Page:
Blackhawks still sputtering, Quenneville still tinkering in loss
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WASHINGTON — Think back for a moment to last fall, when Joel Quenneville’s mad scientist routine was bordering on lunacy, with lines changing not just game by game, but period by period and even shift by shift. For about six weeks, until everything fell into place on the circus trip in November, Quenneville tried just about every combination possible, with players pinballing around the lineup from the top line to the bottom, from left wing to right, from wing to center. Anything to get his sputtering offense going.
It looked almost panicky at the time. In the end, of course, it all worked out just fine.
This is just what Quenneville does in the opening stages of the season as he feels out his roster. And that trigger finger is only going to be itchier this season, with five new faces among his 13 forwards.
“We’re still at that exploratory level right now,” Quenneville said before Thursday’s 4-1 loss to Washington. “Until we feel all four lines are going and we like the way they’re rolling in a game.”
Thursday — the Hawks’ second lackluster effort in a 26-hour span — was not that night. At the start of the game, Viktor Tikhonov had been elevated to the top line alongside Jonathan Toews and Marian Hossa. Andrew Shaw had been bumped up to the third line. Kyle Baun had been re-inserted back into the lineup. And Ryan Garbutt, who started the game on the top line a night earlier, was a healthy scratch.
That all lasted about 15 minutes into a dreadful first period, as Quenneville swapped Hossa with Patrick Kane on the top two lines, and put Shaw back on the fourth line, where he’s been so effective. The lines only got more jumbled in the second period, with the 2013 playoff line of Bryan Bickell, Toews and Patrick Kane among the many combinations Quenneville sent over the boards. Teuvo Teravainen even found himself benched for a 10-minute span in the third period after he was on the ice for Washington’s third goal.
If it were any other coach on any other team, it would look desperate. But with Quenneville and the Hawks, it’s standard operating procedure. Asked Wednesday night about the revolving door at first-line left wing — which has seen Marko Dano, Shaw, Teravainen, Garbutt and Tikhonov take turns so far — Toews just shrugged.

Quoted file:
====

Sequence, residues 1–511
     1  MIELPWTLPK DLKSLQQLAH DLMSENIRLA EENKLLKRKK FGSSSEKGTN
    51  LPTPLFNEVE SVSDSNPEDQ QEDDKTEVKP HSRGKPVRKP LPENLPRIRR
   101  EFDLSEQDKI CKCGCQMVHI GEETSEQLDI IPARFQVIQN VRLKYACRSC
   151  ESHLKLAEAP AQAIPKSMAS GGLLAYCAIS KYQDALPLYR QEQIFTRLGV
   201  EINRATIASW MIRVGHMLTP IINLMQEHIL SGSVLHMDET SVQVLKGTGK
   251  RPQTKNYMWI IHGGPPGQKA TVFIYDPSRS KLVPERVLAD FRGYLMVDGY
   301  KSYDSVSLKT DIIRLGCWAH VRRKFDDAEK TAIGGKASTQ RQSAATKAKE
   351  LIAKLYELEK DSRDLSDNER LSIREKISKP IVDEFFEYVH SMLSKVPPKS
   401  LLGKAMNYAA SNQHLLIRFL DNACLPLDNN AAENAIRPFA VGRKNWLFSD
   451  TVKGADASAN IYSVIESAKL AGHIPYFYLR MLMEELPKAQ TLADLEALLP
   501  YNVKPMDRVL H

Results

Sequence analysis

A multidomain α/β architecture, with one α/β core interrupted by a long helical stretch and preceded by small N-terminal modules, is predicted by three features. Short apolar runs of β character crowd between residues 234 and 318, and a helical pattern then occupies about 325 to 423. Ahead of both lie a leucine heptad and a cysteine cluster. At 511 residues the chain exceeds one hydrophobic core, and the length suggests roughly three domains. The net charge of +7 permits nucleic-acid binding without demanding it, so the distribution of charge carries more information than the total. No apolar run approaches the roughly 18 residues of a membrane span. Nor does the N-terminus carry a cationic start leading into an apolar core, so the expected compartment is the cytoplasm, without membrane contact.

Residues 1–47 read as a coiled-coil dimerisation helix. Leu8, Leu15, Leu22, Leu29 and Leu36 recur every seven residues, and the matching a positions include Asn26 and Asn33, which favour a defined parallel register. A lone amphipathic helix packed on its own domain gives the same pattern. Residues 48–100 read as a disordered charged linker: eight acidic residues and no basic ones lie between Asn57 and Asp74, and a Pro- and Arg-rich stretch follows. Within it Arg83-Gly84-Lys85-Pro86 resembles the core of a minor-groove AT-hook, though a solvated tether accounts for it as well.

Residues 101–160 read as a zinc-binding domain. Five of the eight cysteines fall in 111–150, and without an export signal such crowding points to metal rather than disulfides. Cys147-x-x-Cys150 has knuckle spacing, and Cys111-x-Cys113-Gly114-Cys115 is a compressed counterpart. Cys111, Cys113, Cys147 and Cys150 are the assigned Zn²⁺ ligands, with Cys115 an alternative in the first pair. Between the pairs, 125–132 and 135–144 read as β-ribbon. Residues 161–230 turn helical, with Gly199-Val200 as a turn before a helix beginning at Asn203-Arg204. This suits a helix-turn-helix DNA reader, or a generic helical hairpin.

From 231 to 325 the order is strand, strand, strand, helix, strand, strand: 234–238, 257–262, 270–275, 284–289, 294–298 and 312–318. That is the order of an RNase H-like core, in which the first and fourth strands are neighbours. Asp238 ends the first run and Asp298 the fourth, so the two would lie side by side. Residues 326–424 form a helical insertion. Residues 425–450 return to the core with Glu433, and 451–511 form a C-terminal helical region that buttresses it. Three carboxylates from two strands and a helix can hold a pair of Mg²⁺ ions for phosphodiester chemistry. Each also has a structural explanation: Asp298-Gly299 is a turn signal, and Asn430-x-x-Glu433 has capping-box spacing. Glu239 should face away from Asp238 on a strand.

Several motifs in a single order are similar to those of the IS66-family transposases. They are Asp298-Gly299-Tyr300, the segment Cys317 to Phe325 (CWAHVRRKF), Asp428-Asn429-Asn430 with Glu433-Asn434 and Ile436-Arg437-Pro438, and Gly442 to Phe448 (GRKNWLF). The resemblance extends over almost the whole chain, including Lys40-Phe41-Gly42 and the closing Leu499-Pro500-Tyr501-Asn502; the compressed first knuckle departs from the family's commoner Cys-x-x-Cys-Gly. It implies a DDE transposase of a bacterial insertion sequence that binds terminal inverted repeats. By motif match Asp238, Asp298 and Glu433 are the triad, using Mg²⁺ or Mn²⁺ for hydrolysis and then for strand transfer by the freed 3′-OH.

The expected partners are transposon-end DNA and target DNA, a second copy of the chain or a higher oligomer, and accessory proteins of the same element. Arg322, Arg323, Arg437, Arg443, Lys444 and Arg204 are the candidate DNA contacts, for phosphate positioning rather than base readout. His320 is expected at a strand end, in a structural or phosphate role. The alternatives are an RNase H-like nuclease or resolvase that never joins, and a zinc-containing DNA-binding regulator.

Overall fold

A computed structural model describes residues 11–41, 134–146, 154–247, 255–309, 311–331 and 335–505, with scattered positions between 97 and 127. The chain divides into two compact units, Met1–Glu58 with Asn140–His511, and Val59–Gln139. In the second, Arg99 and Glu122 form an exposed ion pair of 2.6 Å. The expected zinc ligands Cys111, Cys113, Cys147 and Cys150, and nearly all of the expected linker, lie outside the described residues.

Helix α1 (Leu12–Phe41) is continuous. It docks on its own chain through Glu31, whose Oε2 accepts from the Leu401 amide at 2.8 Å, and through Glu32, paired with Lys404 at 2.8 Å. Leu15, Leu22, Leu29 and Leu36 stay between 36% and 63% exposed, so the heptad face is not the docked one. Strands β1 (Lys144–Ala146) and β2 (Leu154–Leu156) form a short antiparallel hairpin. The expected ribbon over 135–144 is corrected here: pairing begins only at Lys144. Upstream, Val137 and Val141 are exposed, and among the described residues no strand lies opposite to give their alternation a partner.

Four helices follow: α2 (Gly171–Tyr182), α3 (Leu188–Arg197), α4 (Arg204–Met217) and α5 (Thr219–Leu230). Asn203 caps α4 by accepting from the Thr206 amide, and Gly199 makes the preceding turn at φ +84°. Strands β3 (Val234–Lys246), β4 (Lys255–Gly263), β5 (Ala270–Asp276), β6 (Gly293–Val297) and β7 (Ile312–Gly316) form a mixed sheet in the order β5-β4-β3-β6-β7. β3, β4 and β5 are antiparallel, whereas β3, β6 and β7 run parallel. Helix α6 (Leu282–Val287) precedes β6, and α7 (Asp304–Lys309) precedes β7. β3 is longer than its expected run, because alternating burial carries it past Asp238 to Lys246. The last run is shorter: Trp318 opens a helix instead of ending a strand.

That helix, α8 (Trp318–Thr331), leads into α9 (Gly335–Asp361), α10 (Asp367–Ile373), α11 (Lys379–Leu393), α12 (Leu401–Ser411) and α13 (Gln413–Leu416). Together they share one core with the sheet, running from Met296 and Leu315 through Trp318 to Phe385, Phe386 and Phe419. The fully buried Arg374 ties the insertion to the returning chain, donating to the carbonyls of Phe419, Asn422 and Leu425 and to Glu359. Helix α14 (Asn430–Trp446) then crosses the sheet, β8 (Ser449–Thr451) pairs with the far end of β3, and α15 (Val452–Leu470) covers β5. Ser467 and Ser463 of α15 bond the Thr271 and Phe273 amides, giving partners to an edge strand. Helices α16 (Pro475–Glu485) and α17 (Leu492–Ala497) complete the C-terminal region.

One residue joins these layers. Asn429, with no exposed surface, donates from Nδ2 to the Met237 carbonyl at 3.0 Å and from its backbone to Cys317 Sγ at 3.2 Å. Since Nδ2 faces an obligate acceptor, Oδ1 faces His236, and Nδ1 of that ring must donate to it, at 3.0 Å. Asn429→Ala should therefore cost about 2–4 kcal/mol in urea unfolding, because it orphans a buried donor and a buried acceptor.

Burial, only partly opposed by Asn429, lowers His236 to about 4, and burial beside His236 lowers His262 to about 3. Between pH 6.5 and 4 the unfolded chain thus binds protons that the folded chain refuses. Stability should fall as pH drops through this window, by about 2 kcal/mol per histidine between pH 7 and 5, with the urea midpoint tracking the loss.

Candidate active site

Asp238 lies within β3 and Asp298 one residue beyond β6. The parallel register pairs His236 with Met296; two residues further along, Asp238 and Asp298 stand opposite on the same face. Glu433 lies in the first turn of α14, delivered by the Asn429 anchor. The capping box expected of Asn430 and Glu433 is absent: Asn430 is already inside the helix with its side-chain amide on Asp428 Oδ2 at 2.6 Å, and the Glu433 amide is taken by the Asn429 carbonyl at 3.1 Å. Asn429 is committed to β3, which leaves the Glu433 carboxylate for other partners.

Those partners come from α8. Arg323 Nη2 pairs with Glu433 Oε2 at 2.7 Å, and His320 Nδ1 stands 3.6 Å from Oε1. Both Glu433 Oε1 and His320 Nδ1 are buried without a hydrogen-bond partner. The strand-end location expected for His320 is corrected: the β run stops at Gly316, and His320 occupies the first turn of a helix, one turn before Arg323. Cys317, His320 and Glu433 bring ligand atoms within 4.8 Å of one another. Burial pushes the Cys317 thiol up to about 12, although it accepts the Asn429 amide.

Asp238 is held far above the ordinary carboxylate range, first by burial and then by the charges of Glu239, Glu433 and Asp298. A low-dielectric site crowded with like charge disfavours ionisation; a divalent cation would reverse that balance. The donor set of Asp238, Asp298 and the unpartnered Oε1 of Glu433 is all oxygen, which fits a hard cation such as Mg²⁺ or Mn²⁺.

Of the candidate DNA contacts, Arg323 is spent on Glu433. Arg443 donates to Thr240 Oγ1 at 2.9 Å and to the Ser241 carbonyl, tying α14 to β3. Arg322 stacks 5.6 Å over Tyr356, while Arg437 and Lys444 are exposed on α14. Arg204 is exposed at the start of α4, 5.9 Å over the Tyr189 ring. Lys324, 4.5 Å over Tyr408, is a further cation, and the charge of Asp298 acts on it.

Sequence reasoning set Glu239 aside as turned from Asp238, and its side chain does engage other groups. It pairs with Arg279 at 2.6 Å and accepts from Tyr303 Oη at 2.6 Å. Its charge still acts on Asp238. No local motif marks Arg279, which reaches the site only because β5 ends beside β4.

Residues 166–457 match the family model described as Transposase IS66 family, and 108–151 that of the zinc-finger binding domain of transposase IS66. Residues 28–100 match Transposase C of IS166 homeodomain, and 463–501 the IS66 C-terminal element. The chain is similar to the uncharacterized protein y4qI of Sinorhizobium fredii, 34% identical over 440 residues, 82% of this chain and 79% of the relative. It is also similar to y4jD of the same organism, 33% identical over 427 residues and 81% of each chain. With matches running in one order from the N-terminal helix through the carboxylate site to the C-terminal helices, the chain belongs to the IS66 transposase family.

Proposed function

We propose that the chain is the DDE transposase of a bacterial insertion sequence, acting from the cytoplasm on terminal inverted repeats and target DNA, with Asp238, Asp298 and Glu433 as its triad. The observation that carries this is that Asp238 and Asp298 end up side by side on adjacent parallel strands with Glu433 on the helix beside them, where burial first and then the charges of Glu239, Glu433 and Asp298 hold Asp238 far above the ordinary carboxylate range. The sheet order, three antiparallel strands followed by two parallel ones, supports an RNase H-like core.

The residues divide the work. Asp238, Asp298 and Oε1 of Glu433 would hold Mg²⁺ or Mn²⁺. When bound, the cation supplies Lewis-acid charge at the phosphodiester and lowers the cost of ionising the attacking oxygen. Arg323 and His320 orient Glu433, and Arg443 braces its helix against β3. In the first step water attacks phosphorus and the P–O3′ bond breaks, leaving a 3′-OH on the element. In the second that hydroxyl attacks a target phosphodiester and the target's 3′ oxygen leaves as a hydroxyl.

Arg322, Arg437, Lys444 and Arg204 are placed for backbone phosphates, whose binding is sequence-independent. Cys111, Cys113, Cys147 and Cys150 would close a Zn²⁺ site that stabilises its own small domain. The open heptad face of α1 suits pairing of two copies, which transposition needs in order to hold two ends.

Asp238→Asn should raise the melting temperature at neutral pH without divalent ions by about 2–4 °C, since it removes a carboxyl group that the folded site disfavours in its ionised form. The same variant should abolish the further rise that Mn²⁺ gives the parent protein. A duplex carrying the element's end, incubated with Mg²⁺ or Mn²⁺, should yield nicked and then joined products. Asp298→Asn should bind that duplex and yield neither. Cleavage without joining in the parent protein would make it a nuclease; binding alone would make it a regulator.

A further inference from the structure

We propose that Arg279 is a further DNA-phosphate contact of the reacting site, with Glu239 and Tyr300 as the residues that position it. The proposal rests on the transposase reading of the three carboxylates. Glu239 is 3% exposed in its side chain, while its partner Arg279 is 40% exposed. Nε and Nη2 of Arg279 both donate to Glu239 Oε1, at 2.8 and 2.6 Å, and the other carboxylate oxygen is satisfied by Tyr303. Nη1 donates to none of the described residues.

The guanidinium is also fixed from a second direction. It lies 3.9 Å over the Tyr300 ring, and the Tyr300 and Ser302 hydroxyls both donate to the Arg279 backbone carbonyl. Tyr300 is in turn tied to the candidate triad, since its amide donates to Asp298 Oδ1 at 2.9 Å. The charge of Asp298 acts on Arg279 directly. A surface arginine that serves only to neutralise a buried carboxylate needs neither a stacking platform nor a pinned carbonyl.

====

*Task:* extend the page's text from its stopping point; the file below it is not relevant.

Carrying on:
“At some point, maybe we’ll score and then our line will stay the same way,” Toews said. “I’m not sure. We’ll keep working until that happens.”
Toews and Hossa are still stuck on no goals and four assists after Thursday’s sloppy effort against the Capitals. Quenneville was noticeably happier with the effort in Washington than with the no-show in Philadelphia a night earlier, as Capitals goaltender Braden Holtby had plenty to do with it.
Washington got a goal in each period, from T.J. Oshie in the first, John Carlson in the second, and Matt Niskanen in the third against Scott Darling. Among Holtby’s many big saves were back-to-back stops on Shaw and Marcus Kruger right before Carlson scored at the other end. That fourth line was far and away the Hawks’ best.
Viktor Svedberg — who unwittingly helped screen his goalie on a goal for the second straight night — scored the first goal of his career less than a minute after Niskanen’s. It was the Hawks’ first goal in 107 minutes, 46 seconds, dating back to Saturday’s 4-1 win over the New York Islanders. But that was as close as the Hawks got, as a Shaw penalty dulled the momentum, and Alex Ovechkin capped things off on an odd-man rush late in the third.
It’s only two games. And the Hawks have been here before. So while they’re frustrated, they’re not panicking.
“We’re not happy with how we played the last two games,” Kruger said. “We’re going to try to find a way and that’s usually what we do.”
But Duncan Keith said the Hawks can’t just expect things to get better. They have to actually get better.
“I don’t think we ever just sit back and think it’s going to turn around,” Keith said. “It’s always a work in progress. … We have a lot of talent, but I still think we can work a bit harder, win some races to the puck. And I think getting a lead would be nice.”